Well the surface of the Earth varies in shape and consistency and includes mountains, plains, canyons, deserts, forests, lakes and seas. They all absorb sunlight to different degrees, leading to local temperature differences. In warmer areas the hot air expands and rises, causing a decrease in air pressure. The surrounding air, which is at a higher pressure, is sucked in to replace the rising air. It is a common occurrence at the seaside. During the day the land and the air above it heats up more than the sea, drawing the cooler sea air over the land in an onshore breeze. So now you know.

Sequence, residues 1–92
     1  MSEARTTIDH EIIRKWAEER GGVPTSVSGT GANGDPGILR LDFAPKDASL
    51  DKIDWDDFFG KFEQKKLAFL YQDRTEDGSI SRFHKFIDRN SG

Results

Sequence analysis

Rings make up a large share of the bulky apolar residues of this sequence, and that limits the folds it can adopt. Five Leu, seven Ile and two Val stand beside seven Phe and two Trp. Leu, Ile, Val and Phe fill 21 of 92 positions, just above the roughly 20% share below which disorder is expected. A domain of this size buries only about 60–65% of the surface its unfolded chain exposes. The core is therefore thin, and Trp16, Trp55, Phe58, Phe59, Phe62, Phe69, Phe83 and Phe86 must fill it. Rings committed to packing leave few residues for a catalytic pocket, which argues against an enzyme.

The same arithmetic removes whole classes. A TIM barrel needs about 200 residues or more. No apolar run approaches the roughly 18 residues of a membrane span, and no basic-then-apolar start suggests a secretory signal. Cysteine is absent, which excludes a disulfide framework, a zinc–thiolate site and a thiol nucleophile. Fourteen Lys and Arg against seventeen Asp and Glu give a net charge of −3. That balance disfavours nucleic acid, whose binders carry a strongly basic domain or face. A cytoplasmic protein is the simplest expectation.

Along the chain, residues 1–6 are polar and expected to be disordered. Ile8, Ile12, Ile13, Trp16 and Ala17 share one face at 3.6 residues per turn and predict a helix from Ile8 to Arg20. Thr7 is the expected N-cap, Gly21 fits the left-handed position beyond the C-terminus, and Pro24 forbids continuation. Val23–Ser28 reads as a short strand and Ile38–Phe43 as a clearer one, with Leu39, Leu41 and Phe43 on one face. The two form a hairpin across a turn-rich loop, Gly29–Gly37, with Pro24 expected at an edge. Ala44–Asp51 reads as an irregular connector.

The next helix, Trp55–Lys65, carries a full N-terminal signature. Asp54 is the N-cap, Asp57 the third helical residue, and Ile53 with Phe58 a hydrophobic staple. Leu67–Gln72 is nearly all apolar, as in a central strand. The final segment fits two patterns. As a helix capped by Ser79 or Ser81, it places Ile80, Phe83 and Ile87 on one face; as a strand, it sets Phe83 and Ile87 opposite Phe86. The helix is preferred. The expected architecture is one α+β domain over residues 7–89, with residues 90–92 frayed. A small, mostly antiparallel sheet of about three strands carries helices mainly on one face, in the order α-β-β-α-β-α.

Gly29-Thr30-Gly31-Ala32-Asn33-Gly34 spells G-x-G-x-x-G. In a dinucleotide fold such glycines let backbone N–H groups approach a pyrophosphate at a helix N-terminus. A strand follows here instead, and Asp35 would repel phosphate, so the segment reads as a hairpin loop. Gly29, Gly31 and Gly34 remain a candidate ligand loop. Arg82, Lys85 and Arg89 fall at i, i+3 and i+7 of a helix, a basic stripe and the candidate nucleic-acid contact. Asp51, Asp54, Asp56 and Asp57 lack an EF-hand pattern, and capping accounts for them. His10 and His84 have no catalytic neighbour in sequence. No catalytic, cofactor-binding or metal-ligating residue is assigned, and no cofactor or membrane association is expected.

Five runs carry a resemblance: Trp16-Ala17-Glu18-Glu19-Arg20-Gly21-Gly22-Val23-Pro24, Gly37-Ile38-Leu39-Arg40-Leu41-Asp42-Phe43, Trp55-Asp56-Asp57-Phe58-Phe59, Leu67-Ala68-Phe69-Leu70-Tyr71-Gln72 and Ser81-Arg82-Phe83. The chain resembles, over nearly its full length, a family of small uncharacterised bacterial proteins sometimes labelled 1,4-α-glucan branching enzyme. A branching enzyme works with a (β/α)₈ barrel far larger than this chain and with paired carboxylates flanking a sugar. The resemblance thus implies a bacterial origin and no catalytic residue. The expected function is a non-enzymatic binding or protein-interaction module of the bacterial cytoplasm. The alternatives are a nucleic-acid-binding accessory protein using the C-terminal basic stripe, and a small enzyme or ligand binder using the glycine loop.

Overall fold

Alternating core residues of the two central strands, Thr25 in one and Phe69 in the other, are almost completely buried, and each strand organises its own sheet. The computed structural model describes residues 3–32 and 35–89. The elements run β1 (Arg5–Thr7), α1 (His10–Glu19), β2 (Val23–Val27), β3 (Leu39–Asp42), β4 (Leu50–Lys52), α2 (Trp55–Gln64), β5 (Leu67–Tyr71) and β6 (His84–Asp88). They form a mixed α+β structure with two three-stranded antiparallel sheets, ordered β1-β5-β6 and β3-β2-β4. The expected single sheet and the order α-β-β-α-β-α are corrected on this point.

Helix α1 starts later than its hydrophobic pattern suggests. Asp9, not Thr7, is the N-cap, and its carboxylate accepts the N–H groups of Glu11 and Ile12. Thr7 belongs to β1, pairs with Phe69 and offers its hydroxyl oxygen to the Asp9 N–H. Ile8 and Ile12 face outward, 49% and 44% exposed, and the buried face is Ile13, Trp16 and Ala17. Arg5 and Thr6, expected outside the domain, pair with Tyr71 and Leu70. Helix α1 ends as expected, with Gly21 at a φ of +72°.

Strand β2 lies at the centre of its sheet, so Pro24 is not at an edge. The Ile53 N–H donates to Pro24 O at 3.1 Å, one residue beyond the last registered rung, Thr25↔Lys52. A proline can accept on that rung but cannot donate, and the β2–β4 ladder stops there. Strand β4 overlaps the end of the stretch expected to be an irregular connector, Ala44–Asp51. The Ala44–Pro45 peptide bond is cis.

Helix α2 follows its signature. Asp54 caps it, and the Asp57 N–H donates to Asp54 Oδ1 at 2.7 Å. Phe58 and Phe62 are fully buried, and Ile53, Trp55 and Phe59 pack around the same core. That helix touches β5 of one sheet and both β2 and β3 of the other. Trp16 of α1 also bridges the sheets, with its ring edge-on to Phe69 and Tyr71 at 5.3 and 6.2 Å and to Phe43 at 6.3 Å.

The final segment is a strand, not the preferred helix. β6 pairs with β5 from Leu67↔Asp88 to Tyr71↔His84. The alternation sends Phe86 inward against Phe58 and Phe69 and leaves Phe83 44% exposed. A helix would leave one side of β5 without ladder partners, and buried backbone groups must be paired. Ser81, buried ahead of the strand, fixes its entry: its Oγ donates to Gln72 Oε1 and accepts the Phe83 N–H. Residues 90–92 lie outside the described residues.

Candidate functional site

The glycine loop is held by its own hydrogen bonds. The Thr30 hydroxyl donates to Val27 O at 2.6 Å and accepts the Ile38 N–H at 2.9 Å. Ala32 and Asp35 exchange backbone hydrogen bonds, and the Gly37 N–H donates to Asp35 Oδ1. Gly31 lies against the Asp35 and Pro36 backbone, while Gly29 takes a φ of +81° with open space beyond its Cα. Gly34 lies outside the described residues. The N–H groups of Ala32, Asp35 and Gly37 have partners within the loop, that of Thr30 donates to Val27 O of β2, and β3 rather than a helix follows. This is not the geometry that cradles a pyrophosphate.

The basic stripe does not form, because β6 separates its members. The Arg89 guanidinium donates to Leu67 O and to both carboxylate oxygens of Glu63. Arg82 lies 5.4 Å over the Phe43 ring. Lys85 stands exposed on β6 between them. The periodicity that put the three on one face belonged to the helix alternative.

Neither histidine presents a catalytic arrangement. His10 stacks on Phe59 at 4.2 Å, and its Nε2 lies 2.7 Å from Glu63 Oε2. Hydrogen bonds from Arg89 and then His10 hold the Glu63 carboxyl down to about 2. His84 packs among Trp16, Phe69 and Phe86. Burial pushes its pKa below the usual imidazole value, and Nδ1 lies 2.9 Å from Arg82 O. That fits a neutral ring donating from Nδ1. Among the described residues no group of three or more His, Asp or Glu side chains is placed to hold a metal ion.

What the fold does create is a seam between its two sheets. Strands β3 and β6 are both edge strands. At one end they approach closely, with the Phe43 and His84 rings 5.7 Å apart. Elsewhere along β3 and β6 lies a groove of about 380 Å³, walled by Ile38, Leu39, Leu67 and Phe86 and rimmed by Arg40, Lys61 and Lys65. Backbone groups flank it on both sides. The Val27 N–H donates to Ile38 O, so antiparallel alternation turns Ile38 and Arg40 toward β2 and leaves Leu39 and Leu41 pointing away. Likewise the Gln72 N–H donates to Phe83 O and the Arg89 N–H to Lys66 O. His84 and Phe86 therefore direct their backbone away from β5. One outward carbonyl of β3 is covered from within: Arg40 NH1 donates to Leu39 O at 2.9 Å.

But what about the UK’s wind direction?
In the UK the most common winds (known as the prevailing winds) are from the west or south-west. These winds arrive in Britain after crossing the Atlantic Ocean, from which they pick up moisture. This air rises as it reaches higher ground, cools and falls as rain.
Is that why we get so much rain?
Many people believe that it rains a lot in the UK, but in fact its rainfall is similar to that in other European countries. Rainfall is evenly spread during the year, so even in summer we experience some wet weather. In spring and autumn there are likely to be some heavy showers, often followed by sunshine. In winter the rain is usually lighter but may last for longer. In the summer if there are a few days of particularly hot weather these are often followed by a thunderstorm.